Comfort Suites at Sabino Canyon
7007 E. Tanque Verde
Tucson, AZ 85715
Phone: (520) 298-2300
Fax: (520) 298-6756
A fun place for both locals and tourists, Golf N'Stuff Family Fun Center on Tucson's East Side offers something for everyone including bumper boats, go karts, batting cages, 2 miniature golf courses, rock climbing and, of course, coin arcades. If you get hungry, eat at the snack bar. Open daily 10am onwards.
This is an architectural and historical gem of Tucson not to be missed. The tiny Chapel of San Pedro was built in 1915 by Mexican immigrants at Barriada del Rillito, a small community now known as El Fuerte. In 1917, land was acquired for a bigger building, but the second chapel was destroyed by a tornado in 1929. Rebuilt in 1932, the present church served as the neighborhood parish church till 1948, when it was replaced by nearby St. Cyril's.
Tucson Botanical Gardens is a major Tucson tourist attraction, and not just for plant lovers. Apart from a rich collection of cactus and desert wildflowers, the gardens offer an educational walk around the history of the native Tohono O'odham Indians and the efforts of local scientists to preserve native seeds. Don't miss the wonderful Nuestro Jardin, the traditional Mexican-American neighborhood garden, or the shaded restaurant patio.
If you are looking for an outdoor adventure, be sure to check out Spanish Trail Outfitters. The company offers off-road rides and hikes into scenic Sabino Canyon and Bear Canyon as well as other outdoor events such as horseback rides, target shooting and cookouts at Redington Pass, between the Catalina and Rincon mountain ranges. The staff also organizes cattle drives near Colossal Cave in the Rincon Mountains.
Designed by William F. Bell, ASGCA, the Rolling Hills golf course opened in 1971. The 18-hole "Rolling Hills" course at the Rolling Hills Golf Course facility in Tucson, Arizona features 4,146 yards of golf from the longest tees for a par of 63. The course rating is 58.4, and it features a slope rating of 84.
Of all the natural attractions in and around Tucson, Sabino Canyon is certainly the most popular. This large chasm in the Santa Catalina Mountains is where ancient Hohokam people built irrigation dams while mammoths roamed the ground. Access is free, but there is a charge for parking. Highlights are swimming (conditions allowing) in clear pools after a six-mile hike to Seven Falls and summer evening shuttle rides (paid for by pre-paid reservations). Sabino tram and bear shuttles rides are available.
Sabino Canyon Recreational area in the Coronado National Forest is a stunning place to visit any time of the year in Tucson. Only a half hour drive from downtown, you can be in a pristine desert oasis where water flows year round. Locals have over the years picnicked and swam in the waters of Sabino Creek shaded by huge cottonwoods. The canyon provides year round homes for all kinds of wildlife including the occasional mountain lion and the reclusive coatimundi. The canyon offers varied uses from guided tram rides to bicycle and pedestrian access. There is a visitor center and bookstore at the mouth of the canyon along with numerous bathroom facilities near some of the picnic areas. Ample parking is available as well.
Coronado National Forest is spread throughout the mountain ranges of southeastern Arizona and southwestern New Mexico. It covers an area of about 1.78 million acres (720,340 hectares). The forest is divided into five ranger districts and has eight designated wilderness areas. The common recreational activities that can be done at the forest are hiking, horseback riding, camping, hunting, and fishing. The use of mechanized or motorized equipment, including bicycles, generators, and chain saws, is prohibited.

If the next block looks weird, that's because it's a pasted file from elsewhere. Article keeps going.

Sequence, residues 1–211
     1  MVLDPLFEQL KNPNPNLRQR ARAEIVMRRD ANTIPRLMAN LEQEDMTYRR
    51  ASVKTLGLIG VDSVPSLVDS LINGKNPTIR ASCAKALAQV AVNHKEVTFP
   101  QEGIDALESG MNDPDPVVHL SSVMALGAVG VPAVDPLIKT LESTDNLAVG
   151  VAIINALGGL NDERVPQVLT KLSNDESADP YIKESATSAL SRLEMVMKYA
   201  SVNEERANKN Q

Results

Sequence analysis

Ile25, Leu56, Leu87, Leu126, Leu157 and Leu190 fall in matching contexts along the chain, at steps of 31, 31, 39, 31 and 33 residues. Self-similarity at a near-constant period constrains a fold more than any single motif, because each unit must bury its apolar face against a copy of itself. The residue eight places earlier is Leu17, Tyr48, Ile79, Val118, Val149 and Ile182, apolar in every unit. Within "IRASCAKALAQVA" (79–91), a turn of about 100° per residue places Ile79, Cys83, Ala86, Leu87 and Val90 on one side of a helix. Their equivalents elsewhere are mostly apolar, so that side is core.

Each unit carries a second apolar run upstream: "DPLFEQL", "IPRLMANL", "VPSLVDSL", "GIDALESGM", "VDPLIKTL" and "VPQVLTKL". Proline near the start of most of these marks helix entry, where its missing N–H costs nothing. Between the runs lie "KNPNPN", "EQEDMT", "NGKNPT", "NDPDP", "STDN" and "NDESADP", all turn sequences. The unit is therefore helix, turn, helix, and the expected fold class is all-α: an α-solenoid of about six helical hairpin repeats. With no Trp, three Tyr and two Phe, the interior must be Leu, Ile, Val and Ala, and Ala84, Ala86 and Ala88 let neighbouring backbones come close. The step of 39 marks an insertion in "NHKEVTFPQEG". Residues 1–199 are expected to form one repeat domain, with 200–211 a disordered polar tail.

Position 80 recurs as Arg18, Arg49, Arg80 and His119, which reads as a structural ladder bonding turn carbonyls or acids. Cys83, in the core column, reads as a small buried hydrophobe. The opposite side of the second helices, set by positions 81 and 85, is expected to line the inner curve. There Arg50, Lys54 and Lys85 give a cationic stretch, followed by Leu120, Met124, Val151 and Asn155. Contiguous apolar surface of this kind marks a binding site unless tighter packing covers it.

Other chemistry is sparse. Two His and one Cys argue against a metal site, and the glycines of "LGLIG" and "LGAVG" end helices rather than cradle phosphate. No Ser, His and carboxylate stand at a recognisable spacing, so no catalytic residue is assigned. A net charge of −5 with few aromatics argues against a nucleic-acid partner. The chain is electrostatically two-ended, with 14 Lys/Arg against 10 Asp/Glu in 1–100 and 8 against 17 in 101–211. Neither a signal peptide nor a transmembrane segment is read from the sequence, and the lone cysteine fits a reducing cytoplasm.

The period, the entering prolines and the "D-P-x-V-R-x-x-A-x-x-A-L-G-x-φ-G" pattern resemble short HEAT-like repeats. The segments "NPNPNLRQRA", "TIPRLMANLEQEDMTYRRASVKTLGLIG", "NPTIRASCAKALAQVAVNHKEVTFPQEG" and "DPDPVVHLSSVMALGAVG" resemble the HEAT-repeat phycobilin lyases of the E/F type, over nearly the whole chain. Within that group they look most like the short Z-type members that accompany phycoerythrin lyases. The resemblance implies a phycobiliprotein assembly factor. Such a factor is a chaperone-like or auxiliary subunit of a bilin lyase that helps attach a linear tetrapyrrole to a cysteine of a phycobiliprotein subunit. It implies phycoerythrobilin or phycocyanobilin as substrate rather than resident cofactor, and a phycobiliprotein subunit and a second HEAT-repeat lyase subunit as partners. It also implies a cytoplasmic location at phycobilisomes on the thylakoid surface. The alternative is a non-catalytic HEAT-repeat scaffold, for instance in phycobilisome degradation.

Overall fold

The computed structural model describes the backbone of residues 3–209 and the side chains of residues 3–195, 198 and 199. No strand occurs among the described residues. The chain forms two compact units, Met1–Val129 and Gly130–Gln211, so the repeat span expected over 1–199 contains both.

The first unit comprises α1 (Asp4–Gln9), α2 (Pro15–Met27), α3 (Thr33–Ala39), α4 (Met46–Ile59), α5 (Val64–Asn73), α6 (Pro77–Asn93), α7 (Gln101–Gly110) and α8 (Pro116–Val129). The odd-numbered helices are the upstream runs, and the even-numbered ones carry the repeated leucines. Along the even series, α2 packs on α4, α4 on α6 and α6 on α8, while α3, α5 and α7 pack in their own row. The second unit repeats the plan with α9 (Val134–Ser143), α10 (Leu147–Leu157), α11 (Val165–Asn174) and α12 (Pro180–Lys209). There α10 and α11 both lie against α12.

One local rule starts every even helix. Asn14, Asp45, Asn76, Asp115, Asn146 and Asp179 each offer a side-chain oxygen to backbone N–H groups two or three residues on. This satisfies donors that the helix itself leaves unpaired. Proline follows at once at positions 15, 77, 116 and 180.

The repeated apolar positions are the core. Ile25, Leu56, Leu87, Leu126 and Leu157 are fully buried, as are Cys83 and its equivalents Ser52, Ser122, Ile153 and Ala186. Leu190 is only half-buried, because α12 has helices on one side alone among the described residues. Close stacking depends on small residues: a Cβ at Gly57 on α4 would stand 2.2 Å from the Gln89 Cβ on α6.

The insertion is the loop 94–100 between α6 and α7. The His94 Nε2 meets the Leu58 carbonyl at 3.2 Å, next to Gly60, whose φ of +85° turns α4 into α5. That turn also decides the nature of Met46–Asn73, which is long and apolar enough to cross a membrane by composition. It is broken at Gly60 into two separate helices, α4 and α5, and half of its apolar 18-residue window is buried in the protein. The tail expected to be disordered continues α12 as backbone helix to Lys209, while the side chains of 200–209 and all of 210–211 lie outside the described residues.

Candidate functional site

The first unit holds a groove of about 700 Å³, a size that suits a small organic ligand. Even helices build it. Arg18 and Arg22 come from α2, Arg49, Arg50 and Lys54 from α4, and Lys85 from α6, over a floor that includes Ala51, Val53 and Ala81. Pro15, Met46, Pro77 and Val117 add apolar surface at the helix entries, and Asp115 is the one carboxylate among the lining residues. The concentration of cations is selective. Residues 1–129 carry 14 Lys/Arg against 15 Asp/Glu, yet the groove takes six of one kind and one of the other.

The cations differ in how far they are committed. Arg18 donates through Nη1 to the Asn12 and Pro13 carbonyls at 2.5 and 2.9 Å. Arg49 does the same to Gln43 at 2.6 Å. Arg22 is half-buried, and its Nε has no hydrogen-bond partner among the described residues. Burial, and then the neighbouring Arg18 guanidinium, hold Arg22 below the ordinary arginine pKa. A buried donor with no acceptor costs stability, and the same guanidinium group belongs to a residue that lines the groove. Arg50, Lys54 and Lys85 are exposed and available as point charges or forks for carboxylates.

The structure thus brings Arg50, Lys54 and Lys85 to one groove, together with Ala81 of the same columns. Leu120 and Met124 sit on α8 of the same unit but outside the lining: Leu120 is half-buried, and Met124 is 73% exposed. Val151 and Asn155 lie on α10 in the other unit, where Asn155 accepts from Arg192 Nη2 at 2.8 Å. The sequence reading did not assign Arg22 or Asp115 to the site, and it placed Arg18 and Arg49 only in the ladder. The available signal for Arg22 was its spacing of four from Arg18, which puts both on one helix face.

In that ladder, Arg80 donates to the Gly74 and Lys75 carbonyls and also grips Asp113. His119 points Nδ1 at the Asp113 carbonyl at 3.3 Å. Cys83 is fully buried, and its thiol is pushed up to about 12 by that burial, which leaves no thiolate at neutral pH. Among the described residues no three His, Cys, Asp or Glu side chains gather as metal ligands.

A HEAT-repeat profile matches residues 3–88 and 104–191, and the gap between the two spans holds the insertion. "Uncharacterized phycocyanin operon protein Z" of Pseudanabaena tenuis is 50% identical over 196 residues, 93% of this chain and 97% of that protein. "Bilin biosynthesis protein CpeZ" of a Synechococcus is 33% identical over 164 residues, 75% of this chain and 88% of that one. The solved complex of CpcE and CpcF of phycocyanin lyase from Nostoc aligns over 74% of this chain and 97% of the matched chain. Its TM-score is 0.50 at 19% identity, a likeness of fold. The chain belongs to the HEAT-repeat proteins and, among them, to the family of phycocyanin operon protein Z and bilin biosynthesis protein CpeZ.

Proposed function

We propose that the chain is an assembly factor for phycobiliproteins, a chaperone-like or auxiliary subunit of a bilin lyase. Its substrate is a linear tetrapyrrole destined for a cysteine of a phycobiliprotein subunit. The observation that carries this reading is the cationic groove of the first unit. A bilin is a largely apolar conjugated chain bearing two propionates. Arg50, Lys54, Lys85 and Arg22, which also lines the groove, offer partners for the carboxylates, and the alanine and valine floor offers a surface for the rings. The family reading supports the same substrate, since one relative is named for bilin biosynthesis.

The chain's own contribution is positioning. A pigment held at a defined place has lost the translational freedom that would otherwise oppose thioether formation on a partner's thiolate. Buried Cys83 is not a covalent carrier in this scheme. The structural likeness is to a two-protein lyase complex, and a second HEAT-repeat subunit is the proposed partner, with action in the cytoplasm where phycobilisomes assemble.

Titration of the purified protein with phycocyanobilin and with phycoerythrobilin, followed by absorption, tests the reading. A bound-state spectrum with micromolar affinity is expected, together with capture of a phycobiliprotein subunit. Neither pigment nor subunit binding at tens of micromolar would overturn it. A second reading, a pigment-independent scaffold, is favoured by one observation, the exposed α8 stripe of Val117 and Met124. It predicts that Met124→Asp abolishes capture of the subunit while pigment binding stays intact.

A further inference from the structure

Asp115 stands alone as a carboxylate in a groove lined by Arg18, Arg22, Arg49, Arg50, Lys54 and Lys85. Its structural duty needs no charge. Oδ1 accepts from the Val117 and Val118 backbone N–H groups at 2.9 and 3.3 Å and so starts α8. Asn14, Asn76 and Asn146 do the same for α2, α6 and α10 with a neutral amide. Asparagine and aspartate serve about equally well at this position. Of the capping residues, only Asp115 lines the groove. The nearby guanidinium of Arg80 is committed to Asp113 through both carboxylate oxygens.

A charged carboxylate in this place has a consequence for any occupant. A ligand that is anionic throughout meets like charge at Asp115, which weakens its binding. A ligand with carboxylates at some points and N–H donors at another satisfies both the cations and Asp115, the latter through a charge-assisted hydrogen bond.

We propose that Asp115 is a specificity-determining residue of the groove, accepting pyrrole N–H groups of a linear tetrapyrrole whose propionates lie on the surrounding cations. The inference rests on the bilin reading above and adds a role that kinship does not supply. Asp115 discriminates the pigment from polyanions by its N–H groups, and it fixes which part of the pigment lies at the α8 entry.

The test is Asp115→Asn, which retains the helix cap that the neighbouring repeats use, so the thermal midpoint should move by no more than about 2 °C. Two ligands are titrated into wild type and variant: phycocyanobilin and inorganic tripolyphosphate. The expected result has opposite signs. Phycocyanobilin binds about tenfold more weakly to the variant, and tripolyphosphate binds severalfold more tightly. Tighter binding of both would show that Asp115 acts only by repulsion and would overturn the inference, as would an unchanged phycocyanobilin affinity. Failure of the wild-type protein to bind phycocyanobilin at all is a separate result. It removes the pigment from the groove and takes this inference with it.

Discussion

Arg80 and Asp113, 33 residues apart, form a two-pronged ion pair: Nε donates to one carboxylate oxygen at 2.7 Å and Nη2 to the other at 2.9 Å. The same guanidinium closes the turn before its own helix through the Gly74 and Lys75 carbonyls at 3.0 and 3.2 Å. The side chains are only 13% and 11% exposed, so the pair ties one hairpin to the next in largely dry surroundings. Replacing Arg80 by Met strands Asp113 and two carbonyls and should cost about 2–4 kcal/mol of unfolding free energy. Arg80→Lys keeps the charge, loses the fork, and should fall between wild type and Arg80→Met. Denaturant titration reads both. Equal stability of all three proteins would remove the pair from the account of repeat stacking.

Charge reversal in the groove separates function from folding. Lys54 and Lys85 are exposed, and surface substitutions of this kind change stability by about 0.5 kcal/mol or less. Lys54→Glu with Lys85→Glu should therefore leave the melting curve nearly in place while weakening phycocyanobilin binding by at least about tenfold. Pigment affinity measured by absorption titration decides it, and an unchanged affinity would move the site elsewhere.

The Dell Urich Course at Randolph Park Golf Courses is an 18-hole, regulation-length golf course in Tucson, Arizona. This medium-length layout has 3 sets of tee boxes for a fun but challenging golfing experience. There is another course on this same property, the Randolph North Course. Dell Urich, centrally located in the Metro Tucson area, will keep even the best golfer challenged. Water comes into play several holes. The fairways are fairly open, but there are hundreds of trees on the course. Call for hours.
Randolph Golf Course lives up to the moniker 'championship golf course' as it currently hosts the PING/Welch's LPGA Championship and was also the site of the P.G.A. Joe Garagiola Tucson Open. The longest golf course in the City of Tucson system, Randolph measures 7,000 yards from the championship tees and 6,500 yards from the regular tees. This scenic course layout offers numerous tall trees, lush fairways, and a beautiful view of the mountains surrounding Tucson. The course features water hazards on five holes and long fairways, and sports three rearranged holes which were reconstructed according to PGA recommendations to enhance the course and make it more challenging for the pros.
Located 10 minutes south of Amarillo, Palo Duro Creek Golf Club enjoys year-round play. Palo Duro Creek Golf Club was designed by noted Colorado golf course architect, Henry Hughes. The golf course was built in 1959 with the front nine completed first and opened as Hunsley Hills Country Club, followed by the present back nine completed several years later. The course was renamed after the creek that flows through the golf course and comes into play on 14 of the 18 holes. Palo Duro Creek Golf Club is recognized as one of the most challenging layouts in the area.
Situated in the northwest corner of Reid Park, the Demeester Performance Center hosts musical, dance and even Shakespeare performances. The area also includes space for festival booths. This facility can accommodate audiences of up to 7,000 and is available for rent for a wide array of events. It is one of Tucson's finest outdoor venues, complete with acoustically tuned amplification and integral lighting.